Furnish your home for nothing


Jenny's website

Buying a home is insanely expensive. Even when you've borrowed more money than you can ever imagine earning, and paid thousands of pounds in taxes and fees, you still have the enormous expense of furnishing the place. Santander recently discovered that the average first time buyer spends just under £4,000 kitting their new home out, while in London that rises to £5,500.

However, one woman has furnished her £1 million pad for nothing. So could you follow her example?

Glamorous up-cycling

The woman in question is Jenny Carruthers, the 45-year-old owner of Kiss The Frog Again - a shop which 'up-cycles' old furniture. She has spent the last decade picking up items for nothing, and using her creative flair to furnish her Georgian mansion for next to nothing.

She appeared on Kirstie Alsopp's Channel 4 show, 'Fill Your Home for Free' earlier this summer. Now she has appeared in the newspapers, showing off finds like a 1950s kitchen, which she picked up from a skip and re-painted and recycled. She also has a coat rack made from old skis, a stool made from an old tractor seat, and a kitchen bench made from two olive oil cans and a plank.

The Daily Mail revealed interesting approach to furniture upholstery - using her wedding dress to cover a dining room chair - which looks as if the dress has been draped over the chair. She also has a matching groom - complete with a top hat.

She says that anyone can follow her example - picking up freebies and giving them a new lease of life. She told the Telegraph: "Of course there can be genuine rubbish out there but so many things thrown away have so much life in them. All you need is a bit of imagination, creativity and paper and pencil to help visualise it."

But is she being realistic?

There are certainly an increasing number of places you can pick things up for nothing - most notably websites like ilovefreegle.org and Freecycle.org, where people will advertise items you can just pop round and pick up. There are also freebie sections on sites like Gumtree and CraigsList - where you can arrange to pick things up for nothing.

A quick glance this afternoon turned up a trampoline, beds, dining tables and chairs, sofas and flooring - most in excellent condition and all for nothing.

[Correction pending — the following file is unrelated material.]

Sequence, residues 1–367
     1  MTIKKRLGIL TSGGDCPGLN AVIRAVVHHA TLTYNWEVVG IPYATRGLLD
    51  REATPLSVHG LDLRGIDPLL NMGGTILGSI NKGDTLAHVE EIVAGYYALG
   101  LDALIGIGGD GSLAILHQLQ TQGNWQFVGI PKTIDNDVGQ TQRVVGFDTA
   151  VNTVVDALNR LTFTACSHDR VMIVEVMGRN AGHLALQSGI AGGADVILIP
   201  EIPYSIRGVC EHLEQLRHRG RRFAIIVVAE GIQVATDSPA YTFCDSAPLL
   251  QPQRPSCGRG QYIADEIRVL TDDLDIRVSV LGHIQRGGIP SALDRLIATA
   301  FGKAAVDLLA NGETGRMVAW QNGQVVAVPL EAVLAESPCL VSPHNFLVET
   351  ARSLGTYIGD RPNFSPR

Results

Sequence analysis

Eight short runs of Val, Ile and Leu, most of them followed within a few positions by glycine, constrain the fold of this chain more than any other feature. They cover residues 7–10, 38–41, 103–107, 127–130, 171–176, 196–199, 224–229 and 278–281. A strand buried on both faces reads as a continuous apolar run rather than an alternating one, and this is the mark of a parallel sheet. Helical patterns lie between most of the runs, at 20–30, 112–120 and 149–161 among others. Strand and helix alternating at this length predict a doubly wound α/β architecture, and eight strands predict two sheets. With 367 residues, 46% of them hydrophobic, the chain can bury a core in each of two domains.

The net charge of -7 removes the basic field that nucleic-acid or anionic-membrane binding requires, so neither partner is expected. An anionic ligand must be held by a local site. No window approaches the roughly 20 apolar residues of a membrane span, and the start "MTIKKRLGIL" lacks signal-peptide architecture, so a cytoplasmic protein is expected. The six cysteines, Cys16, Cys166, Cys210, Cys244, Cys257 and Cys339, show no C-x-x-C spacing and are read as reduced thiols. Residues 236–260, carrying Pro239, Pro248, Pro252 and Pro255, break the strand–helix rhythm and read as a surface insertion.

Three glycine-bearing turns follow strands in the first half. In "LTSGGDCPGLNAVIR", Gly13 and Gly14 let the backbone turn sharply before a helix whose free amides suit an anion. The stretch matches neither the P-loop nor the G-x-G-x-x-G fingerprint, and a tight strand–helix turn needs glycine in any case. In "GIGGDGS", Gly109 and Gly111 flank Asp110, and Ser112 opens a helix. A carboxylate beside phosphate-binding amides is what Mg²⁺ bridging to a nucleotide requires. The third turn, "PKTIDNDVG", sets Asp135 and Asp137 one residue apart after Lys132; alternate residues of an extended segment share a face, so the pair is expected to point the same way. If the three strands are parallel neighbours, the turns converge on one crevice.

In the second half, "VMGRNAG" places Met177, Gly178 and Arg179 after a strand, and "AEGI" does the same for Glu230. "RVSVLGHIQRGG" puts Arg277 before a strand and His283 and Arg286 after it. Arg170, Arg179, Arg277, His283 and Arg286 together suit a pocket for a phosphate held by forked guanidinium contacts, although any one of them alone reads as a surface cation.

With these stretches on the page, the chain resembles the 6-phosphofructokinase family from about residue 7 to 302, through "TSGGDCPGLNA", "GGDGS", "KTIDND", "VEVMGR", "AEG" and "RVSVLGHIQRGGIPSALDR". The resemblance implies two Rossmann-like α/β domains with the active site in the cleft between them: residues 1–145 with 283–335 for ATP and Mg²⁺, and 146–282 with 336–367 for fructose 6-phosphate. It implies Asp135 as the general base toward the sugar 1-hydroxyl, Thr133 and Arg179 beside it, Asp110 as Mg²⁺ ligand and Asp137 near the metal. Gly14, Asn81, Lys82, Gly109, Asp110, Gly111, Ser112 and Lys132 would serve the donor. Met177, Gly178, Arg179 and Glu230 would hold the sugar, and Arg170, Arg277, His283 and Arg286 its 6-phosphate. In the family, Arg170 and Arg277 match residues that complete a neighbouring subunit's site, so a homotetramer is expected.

You can also keep a sharp eye out for people leaving items to collect on the street, and people renovating their home who have hired a skip to fill with freebies.

It's worth asking around with friends and family too. You'll find plenty of people are updating their house and are trying to find a new home for their old furniture. One blogger has furnished her entire house this way.

There are also things which others may class as rubbish. Carruthers' olive oil cans, for example, would have been discarded by a restaurant. She also has a light fitting which is made from jam jars - so think about what you can use, and where you can get hold of items like this.

Or is it just junk?

Realistically anyone can follow this example, and furnish a home for next to nothing. If you have time (and plenty of patience) you can slowly collect together enough items to fill your home without spending a penny

However, there's a world of difference between the stylish interiors at Carruthers' house, and the junk shop chic you'll end up with if you just fill your home with other people's cast-offs. The difference is that she has the creativity, talent and imagination to think of ways to transform objects - and the skills to make it work.

You can do your best - starting with items that are in good condition, and covering the worst damage and least fashionable colours with a lick of paint - but it's the rare few who will finish the process with an enviable home.

But what do you think? have you successfully renovated a piece of furniture you got for next to nothing, or would this approach be a disaster? Let us know in the comments.